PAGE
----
March 17, 2015 — In our book you can’t just be too prepared for retirement – it’s just too important to take a chance on not enjoying it. This is Part II of our Retirement Preparation Quiz, here is where you can find the Part I Quiz.
This version of the quiz is more about the financial side of retirement. It is inspired by a recent survey by the American College of Financial Services, an educational organization for financial professionals. That study found a dismally low level of preparation on several key questions about financial literacy. A majority thought they were doing a good job of saving to live comfortably in retirement, yet only 2 in 10 had a passing grade; no one got an A. The questions on their financial literacy quiz had questions relating to Social Security, taxation of retirement income, long term care, annuities, portfolio risk, life expectancy, and the impact of inflation on purchasing power. In the quiz below we have developed a few of our own questions that relate to each of these areas.
Take the quiz and keep track of your answers. Then go the bottom for the correct answers and see if you get a passing grade – you get to set the grade curve yourself! Let us know how you did in the Comments section. The important thing is to use this quiz as a learning tool, use it to get yourself ready!
1. At what age are you required to take Required Minimum Distributions from your IRA and/or 401(k)?
a. __ 65
b. __ 66
c. __ 70 and 1/2
2. Once established, which retirement plan is better from a tax standpoint?
a. __IRA or 401(k)
b. __Roth IRA
3. True or False: If you had a year where your income was much lower than normal for you, it would be a good time to convert to a Roth IRA.
a. __ True
b. __ False
c. __ No difference
4. If you defer taking your Social Security, what is the age when you get the maximum benefit?
a. __ 62
b. __ 65
c. __ 66
d. __ 70
e. __ 75
5. Assuming Congress continues to do nothing to solve the problem, what will happen if the Social Security fund runs out of reserves in 20 or so years?
a. __ No one will get any more benefits
b. __ The fund has enough to pay about 70% of promised benefits
c. __ No one new coming into the system will get any benefits
6. Which of these strategies is the least effective in helping you have enough money for a comfortable retirement:
a. __ Saving 3% more in each of the 5 years preceding retirement
b. __ Working 2 years longer
c. __ Deferring Social Security 2 years
7. Which of these investment options provides the best guarantee of future income?
a. __ An annuity
b. __ Individual growth stocks
c. __ A diversified mutual fund
8. On the day you retire, which of these hypothetical investment mixes would provide the best chance that you will not run of out money during your lifetime (we are not recommending any of these, just trying to make a general point)
a. __ 90% bonds/cash, 10% equities
b. __ 50% bonds/cash, 50% equities
c. __ 10% bonds/cash, 90% equities
9. Have you calculated how much money you need every year for a comfortable retirement, including a theoretical expense budget?
10. What is the average life expectancy of a male aged 65 years?
a. __ 80
b. __ 85
c. __ 90
11. What percentage of the population will need long term care at some point in their lives?
The study that inspired us
The online survey was conducted among 1000+ respondents ages 60-75 during June, 2014. The respondents had to have at least $100,000 in investable assets, not including their primary residence. The Study was done by the American College: New York Life Center for Retirement Income. It provides a number of interesting questions and facts that could improve anyone’s financial literacy.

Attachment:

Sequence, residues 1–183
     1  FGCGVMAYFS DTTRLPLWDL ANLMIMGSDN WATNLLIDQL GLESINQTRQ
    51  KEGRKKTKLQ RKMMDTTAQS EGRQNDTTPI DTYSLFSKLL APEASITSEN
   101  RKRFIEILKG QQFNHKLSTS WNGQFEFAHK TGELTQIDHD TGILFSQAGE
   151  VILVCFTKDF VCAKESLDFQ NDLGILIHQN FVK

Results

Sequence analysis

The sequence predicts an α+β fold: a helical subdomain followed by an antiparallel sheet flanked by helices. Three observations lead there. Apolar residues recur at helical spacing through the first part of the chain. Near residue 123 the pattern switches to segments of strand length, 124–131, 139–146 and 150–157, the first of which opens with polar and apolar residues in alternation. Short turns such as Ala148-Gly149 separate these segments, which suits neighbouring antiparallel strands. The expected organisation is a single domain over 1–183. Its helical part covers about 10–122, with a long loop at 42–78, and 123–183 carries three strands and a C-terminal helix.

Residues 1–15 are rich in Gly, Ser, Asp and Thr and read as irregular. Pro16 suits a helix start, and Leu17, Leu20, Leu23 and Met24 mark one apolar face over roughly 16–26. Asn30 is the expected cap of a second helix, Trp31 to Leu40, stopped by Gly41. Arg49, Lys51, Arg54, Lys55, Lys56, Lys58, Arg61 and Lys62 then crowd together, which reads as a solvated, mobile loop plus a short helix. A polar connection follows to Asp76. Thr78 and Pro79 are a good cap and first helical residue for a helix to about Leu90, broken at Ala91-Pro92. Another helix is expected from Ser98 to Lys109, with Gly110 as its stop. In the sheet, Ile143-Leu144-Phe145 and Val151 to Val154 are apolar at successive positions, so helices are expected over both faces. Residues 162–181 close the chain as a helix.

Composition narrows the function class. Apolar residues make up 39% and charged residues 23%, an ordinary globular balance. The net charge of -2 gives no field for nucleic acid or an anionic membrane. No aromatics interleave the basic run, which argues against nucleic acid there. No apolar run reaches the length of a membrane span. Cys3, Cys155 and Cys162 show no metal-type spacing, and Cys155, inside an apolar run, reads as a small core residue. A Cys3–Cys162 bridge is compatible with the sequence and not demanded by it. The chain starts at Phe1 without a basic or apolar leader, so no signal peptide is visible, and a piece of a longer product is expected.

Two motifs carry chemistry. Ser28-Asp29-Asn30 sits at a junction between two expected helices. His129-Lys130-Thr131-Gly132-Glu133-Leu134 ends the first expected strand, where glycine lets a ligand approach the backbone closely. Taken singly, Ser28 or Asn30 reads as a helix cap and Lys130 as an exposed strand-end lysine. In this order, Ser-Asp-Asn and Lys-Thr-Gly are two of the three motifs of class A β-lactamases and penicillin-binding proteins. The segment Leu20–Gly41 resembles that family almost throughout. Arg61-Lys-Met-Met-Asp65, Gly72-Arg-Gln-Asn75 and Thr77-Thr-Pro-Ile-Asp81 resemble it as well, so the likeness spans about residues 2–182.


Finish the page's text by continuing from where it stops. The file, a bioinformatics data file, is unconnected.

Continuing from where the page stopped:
For further reading:
Squared Away – Winging It in Retirement
Are You Ready for Retirement Quiz – Part I
The Worst Case Scenario About Social Security: Surprise
Our Social Security Quiz: A Learning Curve for All
How Much Should You Take from Your Retirement Funds Every Year
The Answers (no cheating!)
1. c. 70 and 1/2
2. b. Roth IRA
3. a. True. Converting a traditional IRA to a Roth IRA has tax consequences, so doing it in a low income year is often a good time to do it.
4. d. 70. The benefit stops increasing at that age, although it is indexed for inflation.
5. b. The fund has enough reserves to pay 70% of benefits, assuming nothing is done before then to remedy the situation.
6. a. Saving 3% more is less effective than working longer or delaying 2 years.
7. a. A good annuity has the best guarantee of future income. Individual stocks have the greatest degree of risk.
8. b. 50/50. You can also give yourself a correct answer if you chose 90 bonds/cash, because you have eliminated a lot of risk. Who knows what the magic balance is, but in general, experts believe you should reduce risk (equities) as you age, as a major downward move in the market could hurt you. However, if you eliminate all equities you run the risk that inflation will wipe out your ability to keep up with the cost of living. Ask your investment advisor what he or she thinks is the best balance for your situation.
9. a. This might be the most important question on the quiz. Without knowing how much you need to live on and what your income will be, it is just about impossible to be prepared. Give yourself a bonus if you have done this important step.
10. b. 85. But remember, this is the average. If you die before then the silver lining is you had less chance of running out of money. But if you live longer than that there is the possibility of bad news; does your budget have enough give to keep you living comfortably?
11. d. 70% of the population will need long term care at some point in their lives, according to the survey. Thanks to Ed for this link at Longtermcare.gov
Comments? How did you like these questions? Any you thought were unfair or off the mark. Any surprises? Please share your thoughts in the Comments section below.